Choosing the correct costing system for your business can prevent headaches down the road when you expand, but it also helps you make data-driven decisions about the performance of your business right now. Absorption costing systems, some of the most widely used systems in business, assign all manufacturing costs to products. These systems are used by many businesses, but they're not perfect.

GAAP Compliant

One of the main advantages of using absorption costing in a small business is that it complies with generally accepted accounting principles, or GAAP. Conversion from a non-GAAP costing system to a GAAP costing system can be expensive and time consuming, but if your business begins operations using a GAAP-compliant system, little additional work is involved once the system is set up. This is most important for small businesses that want to expand in the future or plan to seek external financing. Many banks or other lenders expect to be able to assess creditworthiness using financial statements prepared in accordance with GAAP. If your costing system does not comply with GAAP, you may be forced to reconcile the figures at a point in the business when you do not have the resources or time to do so.

Ease of Setup

Absorption costing systems tend to be less complicated to initially set up than other costing systems. For example, many small businesses use a type of absorption system known as job-order costing, which requires traceable material and labor to be traced directly to the products that are being produced and overhead to be allocated to products based upon a rate. Once the overhead rate estimates are calculated, the process of allocation becomes trivial using job-order costing. However, activity-based costing, a non-absorption costing alternative, requires the identification of every activity that goes into producing a product and a determination of how these activities affect the overhead incurred. This can be a difficult and time-consuming process.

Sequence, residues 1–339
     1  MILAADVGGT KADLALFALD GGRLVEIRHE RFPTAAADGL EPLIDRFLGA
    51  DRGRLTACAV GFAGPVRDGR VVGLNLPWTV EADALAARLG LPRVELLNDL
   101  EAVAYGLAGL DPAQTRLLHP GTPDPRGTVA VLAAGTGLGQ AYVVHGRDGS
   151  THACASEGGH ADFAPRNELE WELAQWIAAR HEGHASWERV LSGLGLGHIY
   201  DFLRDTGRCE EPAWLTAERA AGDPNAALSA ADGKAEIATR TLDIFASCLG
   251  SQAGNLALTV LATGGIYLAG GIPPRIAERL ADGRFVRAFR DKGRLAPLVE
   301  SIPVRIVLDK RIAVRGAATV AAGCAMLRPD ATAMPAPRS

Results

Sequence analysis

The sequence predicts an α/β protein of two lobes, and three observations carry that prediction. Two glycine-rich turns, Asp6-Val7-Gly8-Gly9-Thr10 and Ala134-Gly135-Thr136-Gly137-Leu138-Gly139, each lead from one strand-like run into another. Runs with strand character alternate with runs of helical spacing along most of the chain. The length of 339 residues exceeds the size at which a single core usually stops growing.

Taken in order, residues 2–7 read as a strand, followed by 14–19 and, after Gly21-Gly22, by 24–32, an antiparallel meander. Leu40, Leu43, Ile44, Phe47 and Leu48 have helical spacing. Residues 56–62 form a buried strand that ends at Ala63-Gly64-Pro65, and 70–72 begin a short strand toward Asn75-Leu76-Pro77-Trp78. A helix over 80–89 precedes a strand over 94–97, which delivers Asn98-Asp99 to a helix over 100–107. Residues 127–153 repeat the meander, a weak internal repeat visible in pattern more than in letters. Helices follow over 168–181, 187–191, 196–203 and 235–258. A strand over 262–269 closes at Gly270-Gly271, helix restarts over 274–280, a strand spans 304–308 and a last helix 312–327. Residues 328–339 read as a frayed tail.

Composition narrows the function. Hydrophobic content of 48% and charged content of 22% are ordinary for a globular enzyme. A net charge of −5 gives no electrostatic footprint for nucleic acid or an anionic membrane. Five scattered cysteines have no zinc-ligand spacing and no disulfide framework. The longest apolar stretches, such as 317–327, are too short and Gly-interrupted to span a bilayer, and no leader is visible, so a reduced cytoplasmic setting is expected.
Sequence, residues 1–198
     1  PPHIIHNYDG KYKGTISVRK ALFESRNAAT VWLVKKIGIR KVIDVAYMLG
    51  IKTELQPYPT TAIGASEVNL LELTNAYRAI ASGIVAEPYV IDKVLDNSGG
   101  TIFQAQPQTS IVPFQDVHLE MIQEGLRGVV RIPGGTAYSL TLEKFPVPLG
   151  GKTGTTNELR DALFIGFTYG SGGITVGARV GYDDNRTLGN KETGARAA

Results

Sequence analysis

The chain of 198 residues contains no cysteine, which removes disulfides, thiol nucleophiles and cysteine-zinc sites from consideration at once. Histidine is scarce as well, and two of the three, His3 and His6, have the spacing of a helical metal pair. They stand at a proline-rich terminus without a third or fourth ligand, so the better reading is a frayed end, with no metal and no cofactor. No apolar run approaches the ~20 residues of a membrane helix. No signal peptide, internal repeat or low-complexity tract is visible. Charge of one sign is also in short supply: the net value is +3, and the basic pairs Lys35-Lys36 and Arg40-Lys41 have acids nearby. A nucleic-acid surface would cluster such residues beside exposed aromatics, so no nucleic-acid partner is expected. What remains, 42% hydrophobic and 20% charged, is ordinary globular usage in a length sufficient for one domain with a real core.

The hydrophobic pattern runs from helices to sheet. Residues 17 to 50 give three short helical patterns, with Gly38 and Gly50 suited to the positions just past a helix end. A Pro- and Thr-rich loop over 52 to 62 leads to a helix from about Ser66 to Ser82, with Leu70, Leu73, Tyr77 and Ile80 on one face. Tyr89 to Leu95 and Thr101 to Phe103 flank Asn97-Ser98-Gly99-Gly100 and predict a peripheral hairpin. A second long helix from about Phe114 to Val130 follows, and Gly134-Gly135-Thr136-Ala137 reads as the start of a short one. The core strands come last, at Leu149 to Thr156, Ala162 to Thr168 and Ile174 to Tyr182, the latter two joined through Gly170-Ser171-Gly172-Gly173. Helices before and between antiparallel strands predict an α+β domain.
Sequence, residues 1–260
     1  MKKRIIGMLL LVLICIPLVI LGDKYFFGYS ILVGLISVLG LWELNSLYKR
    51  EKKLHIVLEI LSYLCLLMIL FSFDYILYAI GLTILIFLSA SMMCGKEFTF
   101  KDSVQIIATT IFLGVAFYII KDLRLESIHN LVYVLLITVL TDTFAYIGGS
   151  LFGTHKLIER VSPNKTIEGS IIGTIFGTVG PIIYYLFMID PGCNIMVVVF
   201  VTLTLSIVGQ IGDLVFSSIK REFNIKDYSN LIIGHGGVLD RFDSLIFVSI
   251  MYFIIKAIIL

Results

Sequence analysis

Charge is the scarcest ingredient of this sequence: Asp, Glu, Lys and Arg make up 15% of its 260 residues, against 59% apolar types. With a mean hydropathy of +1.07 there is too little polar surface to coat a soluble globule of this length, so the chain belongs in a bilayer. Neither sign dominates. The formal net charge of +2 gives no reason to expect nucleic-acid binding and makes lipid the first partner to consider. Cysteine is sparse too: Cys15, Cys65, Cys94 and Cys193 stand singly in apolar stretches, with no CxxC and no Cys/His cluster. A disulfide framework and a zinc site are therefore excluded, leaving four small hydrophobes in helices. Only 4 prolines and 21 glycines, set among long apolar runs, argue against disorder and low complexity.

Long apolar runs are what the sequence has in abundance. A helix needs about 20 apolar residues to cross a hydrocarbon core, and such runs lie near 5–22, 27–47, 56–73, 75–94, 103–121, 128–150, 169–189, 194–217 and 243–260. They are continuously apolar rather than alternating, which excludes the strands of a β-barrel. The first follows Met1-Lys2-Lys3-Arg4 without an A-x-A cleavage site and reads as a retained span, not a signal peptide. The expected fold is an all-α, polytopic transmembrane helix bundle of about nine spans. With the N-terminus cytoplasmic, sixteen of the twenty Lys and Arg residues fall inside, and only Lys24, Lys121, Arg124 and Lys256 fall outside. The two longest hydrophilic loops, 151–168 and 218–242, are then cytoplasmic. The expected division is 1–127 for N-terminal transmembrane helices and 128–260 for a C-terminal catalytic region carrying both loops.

Fixed Overhead in Inventory

The biggest drawback of absorption costing systems is the way they handle fixed overhead costs. In an absorption costing system, all costs of manufacturing are assigned to products. When companies do not sell all of the products they produce in a period, these costs get hung up on the balance sheet. This causes income to be artificially inflated during periods when the number of units produced exceed the number sold. In addition, income is artificially deflated when the number of units produced is less than the number of units sold. This can be a huge problem for small businesses, because sales are often more variable in small businesses, and many small-business owners are unaware of this phenomenon. Managers unfamiliar with this problem could incorrectly attribute increases and decreases in income to company performance, which could reduce the quality of managerial decisions.

Assignment of Nonmanufacturing Costs

Absorption costing systems do a poor job of accounting for costs that are considered nonmanufacturing costs but really are unavoidable for manufacturers. For example, your small business may produce two different products. One product is a mass-produced product with little customization, and the other product is customized to customer specifications. Under absorption costing systems, the cost of the personnel who process customer orders for custom goods could not be included as part of the cost of manufacturing the custom product. This often leads to the undercosting of custom goods and the overcosting of mass-produced goods under absorption systems.